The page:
6 months + 200 technology and finance leaders from 30 countries = four scenarios of branchless banking for poor people in 2020.
In 2009, CGAP and DFID talked with over 200 technology and finance leaders from 30 countries to determine how branchless banking, including mobile banking, might look in the year 2020. The work culminated in the CGAP/DFID Branchless Banking Scenarios 2020 Focus Note. A video discussion with the authors and some of the leaders in mobile and branchless banking was held in Washington in December; you can watch the archived video here. To help frame the scenarios process, we identified four forces and four uncertainties that are shaping the industry.
Force 4. Internet browsing via mobile phones will change the competitive landscape.
We have taken for granted that the rollout of mobile communications will continue, albeit at a declining pace as even low-income markets become saturated. It is likely that there will be few people outside the reach of wireless communications by 2020, and few who do not have connectivity to wireless communications in some form. Indeed, the lack of reliable and affordable energy sources is today increasingly a greater constraint on development in poor and remote areas than is communications. Devices like mobile phones, which require less energy than PCs and ATMs and which can be recharged by windup or solar power, are an increasingly important part of any rollout of branchless channels to off-grid areas.
This much seems obvious. So we have chosen instead to highlight a different force, which is yet not fully recognized by all of today’s branchless banking providers. Today’s successful payment services in developing countries have been built using certain mobile-specific channels that even basic handsets could support.
However, over the next 10 years, the spread of affordable data-enabled phones in developing countries will increasingly enable consumers to have direct access to the Internet. This is made possible by a dramatic fall in the price of mobile devices with basic Internet browsing and falling prices of data services, which are also available on a prepaid basis. Such “enhanced” phones are increasingly the basic handsets of tomorrow. They already make up half of all phones shipped to emerging markets in 2009. Faster speeds and falling prices of both data-enabled handsets and data-over- mobile networks will mean greater usage of data channels on these phones, effectively making Internet access via mobile pervasive in many developing countries during the next decade.
Few branchless banking services have been offered over mobile Internet in developing countries (yet), but social networking content is already driving uptake among segments such as youth. In South Africa, the mobile instant messaging service MXit has attracted more than 13 million users who send more than 250 million messages per day (in a country of 47 million) (Vecchiatto 2009 and Lombard 2009). Hardware barriers to Internet access are also decreasing.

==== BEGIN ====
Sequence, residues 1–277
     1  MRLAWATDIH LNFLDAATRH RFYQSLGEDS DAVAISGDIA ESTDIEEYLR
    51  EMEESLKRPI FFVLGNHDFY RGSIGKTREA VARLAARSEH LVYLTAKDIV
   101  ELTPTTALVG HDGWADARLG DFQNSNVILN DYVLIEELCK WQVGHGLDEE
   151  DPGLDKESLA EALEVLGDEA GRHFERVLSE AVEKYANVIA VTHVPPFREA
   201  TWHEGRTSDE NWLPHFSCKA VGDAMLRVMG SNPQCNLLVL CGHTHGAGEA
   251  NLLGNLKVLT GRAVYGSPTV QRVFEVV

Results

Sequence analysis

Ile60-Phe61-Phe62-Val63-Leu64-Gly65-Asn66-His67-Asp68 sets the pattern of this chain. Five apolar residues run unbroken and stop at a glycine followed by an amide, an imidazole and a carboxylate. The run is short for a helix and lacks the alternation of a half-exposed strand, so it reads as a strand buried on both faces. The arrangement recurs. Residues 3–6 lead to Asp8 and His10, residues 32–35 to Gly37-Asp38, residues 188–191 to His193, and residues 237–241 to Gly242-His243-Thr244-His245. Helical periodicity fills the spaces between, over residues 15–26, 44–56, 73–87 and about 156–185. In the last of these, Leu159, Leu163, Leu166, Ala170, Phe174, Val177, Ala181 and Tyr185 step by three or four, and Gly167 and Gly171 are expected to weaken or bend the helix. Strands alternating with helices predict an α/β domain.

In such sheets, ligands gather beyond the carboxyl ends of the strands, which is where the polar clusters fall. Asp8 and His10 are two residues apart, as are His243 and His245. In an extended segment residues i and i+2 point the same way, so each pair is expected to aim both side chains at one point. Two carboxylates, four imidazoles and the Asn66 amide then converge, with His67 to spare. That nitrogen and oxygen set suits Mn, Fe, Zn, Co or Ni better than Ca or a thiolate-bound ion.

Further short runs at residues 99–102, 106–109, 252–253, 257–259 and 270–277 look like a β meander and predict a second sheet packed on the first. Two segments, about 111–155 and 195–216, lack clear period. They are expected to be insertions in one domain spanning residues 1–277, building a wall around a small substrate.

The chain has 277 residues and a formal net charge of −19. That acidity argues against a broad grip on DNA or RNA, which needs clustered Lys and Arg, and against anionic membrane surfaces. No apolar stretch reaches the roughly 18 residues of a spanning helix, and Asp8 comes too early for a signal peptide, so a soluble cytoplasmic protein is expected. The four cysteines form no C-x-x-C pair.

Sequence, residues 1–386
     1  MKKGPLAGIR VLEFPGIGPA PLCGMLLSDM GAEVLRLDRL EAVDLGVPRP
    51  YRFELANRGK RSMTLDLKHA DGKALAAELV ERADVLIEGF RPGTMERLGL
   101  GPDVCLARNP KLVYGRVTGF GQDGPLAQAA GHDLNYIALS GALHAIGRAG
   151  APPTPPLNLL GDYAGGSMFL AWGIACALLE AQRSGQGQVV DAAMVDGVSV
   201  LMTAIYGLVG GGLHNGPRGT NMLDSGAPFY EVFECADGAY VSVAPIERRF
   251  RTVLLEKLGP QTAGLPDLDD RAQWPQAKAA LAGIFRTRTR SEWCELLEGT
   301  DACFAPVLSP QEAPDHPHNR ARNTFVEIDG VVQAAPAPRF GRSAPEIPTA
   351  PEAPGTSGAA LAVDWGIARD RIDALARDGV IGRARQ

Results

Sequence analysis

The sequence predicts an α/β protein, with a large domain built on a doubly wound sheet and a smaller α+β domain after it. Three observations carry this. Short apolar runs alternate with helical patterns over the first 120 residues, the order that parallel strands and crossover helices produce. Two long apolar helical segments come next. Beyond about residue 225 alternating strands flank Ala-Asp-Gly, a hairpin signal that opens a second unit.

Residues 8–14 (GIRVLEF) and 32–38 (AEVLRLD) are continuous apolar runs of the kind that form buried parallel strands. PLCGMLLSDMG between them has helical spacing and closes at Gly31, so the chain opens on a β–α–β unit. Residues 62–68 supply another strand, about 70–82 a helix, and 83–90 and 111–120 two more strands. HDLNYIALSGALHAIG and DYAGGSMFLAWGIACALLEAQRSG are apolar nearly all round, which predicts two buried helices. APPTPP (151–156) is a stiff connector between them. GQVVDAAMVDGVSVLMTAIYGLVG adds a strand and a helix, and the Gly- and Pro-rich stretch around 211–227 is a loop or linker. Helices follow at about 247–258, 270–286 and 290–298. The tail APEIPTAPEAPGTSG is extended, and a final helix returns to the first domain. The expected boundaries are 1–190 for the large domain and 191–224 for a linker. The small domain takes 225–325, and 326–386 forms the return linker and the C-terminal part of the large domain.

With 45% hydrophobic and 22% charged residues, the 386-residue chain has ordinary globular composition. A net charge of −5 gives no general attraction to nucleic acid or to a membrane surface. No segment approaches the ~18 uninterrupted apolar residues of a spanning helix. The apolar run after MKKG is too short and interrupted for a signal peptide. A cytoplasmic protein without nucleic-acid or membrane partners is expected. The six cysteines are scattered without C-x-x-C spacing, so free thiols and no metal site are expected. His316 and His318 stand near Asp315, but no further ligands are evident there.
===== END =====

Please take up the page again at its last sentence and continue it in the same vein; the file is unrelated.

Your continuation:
Microsoft recently announced OneApp, an application that enables phones with slow processors and low memory to surf the Web like more powerful handsets. Users will be able to access a dozen sites initially, like Facebook and Twitter. In August 2009, Nokia announced its intention to provide widespread mobile payment services as part of its desire to promote pervasive Internet that “connects people” (Young 2009). In short, there is much work being done today to make Internet over mobile more widely available in developing countries.
What does this force mean for branchless banking? First, Web interfaces will improve the user experience compared to today’s services running over USSD or SMS bearer channels, which typically require customers to input alphanumeric sequences or navigate relatively unsophisticated menus. Improved usability could make branchless banking more accessible to a wider swathe of low-income consumers, for example by enabling more icon-based menus for low-literacy clients. Also, as Internet use expands in general, consumers will become more comfortable with using their handset for increasingly sophisticated purposes, which should also bolster adoption of electronic channels for financial services.
Second, access to the Internet will enable providers to offer solutions that do not depend on the security solutions offered using the chip (SIM card) in the phone. Applications resident on the SIM card can provide end-to-end security for messages but require the cooperation of the MNO. While there is some debate whether java applications can provide similar levels of security to applications resident on the SIM card, they are likely to provide higher security than today’s USSD and SMS-based services. This will reduce barriers to entry for new players who are not MNOs—whether banks or others. The growth of the mobile Internet may cause a boom in a new generation of branchless banking providers, raising substantial questions about risks to consumers, as well as the future shape of the competitive landscape.
-Mark Pickens, David Porteous, and Sarah Rotman